In case it’s passed you by, Hygge has become the latest publishing fad, with several books of less substance than the coffee-tables they were designed to rest upon rush-released to cash-in on the craze before it burns itself out. Hygge emanates from Denmark and seems to be summed-up as a retreat back to a pre-electronic world of simple uncomplicated pleasures – candles, open fires, reading a book, walking the dog, and generally chilling out in a smug New Age Nirvana. Hygge shouldn’t naturally lead to cynicism, but it smells too much like a pre-prepared diet associated with the kind of people who tend not to appeal to one’s best instincts. Package a mood for mass consumption and you kill it. Few sounds put me at ease more than the contented purr of a cat in my lap, but the fact that you can’t bottle and sell it keeps it precious.

Other serene sedatives for me include the speaking voice of Oliver Postgate and the singing voice of Sandy Denny; but not all the things I love lull me into seductive torpor. Who (at least over a certain age) doesn’t enjoy the occasional four-minute air-guitar indulgence behind closed doors? For me, few provide better work-outs on the invisible fret-board than ‘Hocus Pocus’ by legendary fuzzy Dutch Prog-rockers Focus; but I’m sure you all have your own personal favourites. I also used to love spinning the likes of Bizarre Inc, Altern-8, The Prodigy and numerous others when I felt like staging an indoor Rave with an audience of one back in the day – the day being roundabout 1991; releases a fair bit of ‘positive’ energy when you can leap around like a lunatic for a bit – in moderation and with due consideration for one’s neighbours, of course.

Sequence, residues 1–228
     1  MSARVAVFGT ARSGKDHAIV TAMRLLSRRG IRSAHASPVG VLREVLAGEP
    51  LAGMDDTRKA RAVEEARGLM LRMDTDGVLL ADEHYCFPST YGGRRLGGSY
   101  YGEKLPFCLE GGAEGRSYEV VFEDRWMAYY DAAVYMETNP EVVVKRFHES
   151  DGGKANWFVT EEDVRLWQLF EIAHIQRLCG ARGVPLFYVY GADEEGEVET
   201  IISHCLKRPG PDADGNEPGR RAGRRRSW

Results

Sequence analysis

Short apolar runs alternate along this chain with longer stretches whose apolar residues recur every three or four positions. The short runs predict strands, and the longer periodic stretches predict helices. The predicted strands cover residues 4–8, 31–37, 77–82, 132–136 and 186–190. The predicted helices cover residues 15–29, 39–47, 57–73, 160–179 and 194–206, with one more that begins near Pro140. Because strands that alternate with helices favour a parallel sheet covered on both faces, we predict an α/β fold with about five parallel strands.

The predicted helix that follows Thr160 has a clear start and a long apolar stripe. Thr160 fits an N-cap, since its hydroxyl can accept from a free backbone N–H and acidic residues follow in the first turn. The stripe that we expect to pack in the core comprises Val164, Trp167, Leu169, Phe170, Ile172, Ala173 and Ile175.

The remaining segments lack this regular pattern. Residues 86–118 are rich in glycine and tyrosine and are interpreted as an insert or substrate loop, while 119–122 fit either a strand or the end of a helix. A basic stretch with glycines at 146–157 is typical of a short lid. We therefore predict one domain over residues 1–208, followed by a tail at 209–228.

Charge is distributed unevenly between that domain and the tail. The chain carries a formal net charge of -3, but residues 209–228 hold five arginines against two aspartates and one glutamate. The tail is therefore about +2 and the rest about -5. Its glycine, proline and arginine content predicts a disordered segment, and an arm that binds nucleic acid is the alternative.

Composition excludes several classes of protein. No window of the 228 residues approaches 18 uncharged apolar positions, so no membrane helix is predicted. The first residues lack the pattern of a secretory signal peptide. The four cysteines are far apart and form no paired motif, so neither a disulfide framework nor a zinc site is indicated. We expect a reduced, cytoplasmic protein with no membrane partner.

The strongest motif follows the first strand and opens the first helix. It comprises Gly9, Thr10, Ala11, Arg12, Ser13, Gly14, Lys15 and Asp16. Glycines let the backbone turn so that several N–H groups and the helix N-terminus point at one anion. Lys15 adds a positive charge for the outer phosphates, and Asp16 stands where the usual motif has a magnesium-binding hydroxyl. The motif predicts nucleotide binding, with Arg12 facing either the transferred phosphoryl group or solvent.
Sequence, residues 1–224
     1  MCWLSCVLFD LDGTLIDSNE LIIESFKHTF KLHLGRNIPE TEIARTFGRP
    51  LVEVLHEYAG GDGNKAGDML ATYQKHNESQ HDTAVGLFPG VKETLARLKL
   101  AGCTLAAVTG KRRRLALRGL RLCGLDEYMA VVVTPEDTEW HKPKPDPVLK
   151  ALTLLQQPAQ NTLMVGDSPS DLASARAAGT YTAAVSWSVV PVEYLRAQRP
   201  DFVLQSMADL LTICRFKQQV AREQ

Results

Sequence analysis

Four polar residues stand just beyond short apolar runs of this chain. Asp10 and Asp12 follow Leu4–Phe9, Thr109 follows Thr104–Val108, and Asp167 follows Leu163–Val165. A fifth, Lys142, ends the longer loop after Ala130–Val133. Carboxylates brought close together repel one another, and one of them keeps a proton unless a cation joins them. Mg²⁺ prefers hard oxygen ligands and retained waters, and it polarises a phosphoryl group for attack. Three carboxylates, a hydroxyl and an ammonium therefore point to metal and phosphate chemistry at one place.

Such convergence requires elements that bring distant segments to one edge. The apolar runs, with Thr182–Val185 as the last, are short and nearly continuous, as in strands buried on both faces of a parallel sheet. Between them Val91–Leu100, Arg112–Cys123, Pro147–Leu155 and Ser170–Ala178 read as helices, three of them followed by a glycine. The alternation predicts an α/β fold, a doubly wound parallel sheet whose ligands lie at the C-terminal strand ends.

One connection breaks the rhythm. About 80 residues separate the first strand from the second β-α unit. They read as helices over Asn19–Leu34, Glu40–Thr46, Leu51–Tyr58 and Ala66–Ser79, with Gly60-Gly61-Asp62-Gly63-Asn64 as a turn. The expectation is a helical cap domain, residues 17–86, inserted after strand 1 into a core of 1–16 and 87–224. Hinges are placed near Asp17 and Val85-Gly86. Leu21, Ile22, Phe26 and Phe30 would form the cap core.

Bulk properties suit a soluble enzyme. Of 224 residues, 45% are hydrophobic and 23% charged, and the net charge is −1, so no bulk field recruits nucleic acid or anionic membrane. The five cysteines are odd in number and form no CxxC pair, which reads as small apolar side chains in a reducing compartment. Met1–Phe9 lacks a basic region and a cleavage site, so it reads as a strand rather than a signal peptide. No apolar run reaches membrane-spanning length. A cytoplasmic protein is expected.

What else? I love a cigarette (or 40), as regulars will be aware; and I love a glass of Scotch-on-the-rocks as a liquid accompaniment, just like all those Real Men used to in ‘The Professionals’. I love a bottle of wine with a good meal, though the good meal is a pleasure more sparing in my schedule, usually once-a-week. Snacks were basically made with me in mind. I love a good book as well – something that was an early passion and then lapsed for a shameful decadent decade or so before I got my arse in gear and decided the best way to conquer my voluntary illiteracy was to devour the library of nineteenth century classics.

I love Larry David and the way he can make me laugh like few others have these past ten years, and I love the elegant brushstrokes of Thomas Gainsborough, the stark black & white French and English cinema of the early 60s, architecture from the Georgian to Art Deco, British history from the Civil War to the Second World War, the aesthetic beauty of a dress cut by Ossie Clark, and – to quote the late, great Jake Thackray – I love a good bum on a woman, it makes my day. No, this isn’t me applying for a dating agency, though I know it’s beginning to sound that way. So I shall call time on this brief interlude between the grimness we’ve become accustomed to and leave the floor clear for you and your loves. That wasn’t too painful, was it?

© The Editor